The ß-importin KAP8 (Pse1/Kap121) is required for nuclear import of the cellulase transcriptional regulator XYR1, asexual sporulation and stress resistance inTrichoderma reesei

    loading  Checking for direct PDF access through Ovid

Abstract

Summary

The ascomyceteTrichoderma reeseiis an industrial producer of cellulolytic and hemicellulolytic enzymes, and serves as a prime model for their genetic regulation. Most of its (hemi-)cellulolytic enzymes are obligatorily dependent on the transcriptional activator XYR1. Here, we investigated the nucleo-cytoplasmic shuttling mechanism that transports XYR1 across the nuclear pore complex. We identified 14 karyopherins inT. reesei, of which eight were predicted to be involved in nuclear import, and produced single gene-deletion mutants of all. We found KAP8, an ortholog ofAspergillus nidulansKapI, andSaccharomyces cerevisiaeKap121/Pse1, to be essential for nuclear recruitment of GFP-XYR1 and cellulase gene expression. Transformation with the native gene rescued this effect. Transcriptomic analyses of Δkap8revealed that under cellulase-inducing conditions 42 CAZymes, including all cellulases and hemicellulases known to be under XYR1 control, were significantly down-regulated. Δkap8strains were capable of forming fertile fruiting bodies but exhibited strongly reduced conidiation both in light and darkness, and showed enhanced sensitivity towards abiotic stress, including high osmotic pressure, low pH and high temperature. Together, these data underscore the significance of nuclear import of XYR1 in cellulase and hemicellulase gene regulation inT. reesei, and identify KAP8 as the major karyopherin required for this process.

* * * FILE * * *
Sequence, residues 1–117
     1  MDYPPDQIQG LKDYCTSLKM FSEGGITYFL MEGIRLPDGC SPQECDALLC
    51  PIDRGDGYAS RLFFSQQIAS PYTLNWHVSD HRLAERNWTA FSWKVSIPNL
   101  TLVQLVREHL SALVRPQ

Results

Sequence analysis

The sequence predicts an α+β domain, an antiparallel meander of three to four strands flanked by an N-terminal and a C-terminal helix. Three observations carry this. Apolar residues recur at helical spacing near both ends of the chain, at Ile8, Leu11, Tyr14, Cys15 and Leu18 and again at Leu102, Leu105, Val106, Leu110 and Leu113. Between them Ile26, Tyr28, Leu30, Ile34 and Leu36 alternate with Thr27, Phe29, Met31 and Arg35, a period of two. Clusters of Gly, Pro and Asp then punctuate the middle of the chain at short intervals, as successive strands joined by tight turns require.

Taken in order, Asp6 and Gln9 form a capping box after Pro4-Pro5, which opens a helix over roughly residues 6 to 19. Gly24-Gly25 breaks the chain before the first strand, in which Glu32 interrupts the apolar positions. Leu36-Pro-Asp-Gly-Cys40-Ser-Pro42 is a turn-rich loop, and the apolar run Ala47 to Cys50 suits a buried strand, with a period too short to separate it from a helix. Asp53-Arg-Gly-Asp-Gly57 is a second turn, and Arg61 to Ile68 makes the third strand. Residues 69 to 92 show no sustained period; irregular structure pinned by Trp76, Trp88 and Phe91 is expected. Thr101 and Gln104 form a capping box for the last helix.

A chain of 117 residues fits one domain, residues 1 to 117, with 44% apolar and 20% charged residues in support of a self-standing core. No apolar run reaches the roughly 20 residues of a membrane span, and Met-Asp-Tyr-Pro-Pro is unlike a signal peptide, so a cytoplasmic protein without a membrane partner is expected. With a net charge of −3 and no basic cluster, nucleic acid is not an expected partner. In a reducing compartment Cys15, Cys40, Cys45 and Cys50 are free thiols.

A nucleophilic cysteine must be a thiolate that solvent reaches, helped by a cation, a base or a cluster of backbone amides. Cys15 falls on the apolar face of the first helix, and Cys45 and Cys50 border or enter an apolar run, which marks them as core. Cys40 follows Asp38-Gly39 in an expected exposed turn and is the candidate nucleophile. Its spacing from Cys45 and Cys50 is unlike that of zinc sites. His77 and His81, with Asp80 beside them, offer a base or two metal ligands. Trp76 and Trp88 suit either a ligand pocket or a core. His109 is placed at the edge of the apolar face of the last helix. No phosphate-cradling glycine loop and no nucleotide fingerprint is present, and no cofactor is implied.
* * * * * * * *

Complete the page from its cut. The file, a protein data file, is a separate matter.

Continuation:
Trichoderma reesei is an industrial producer of cellulolytic and hemicellulolytic enzymes, for which XYR1 is the main transcriptional regulator. Using a systematic gene deletion approach, in combination with RNAseq and live-cell imaging analysis, we identified the ß-importin gene kap8 to be essential for nuclear recruitment of XYR1 and the induced expression of the whole inventory of cellulase and hemicellulase genes in T. reesei.

Related Topics

    loading  Loading Related Articles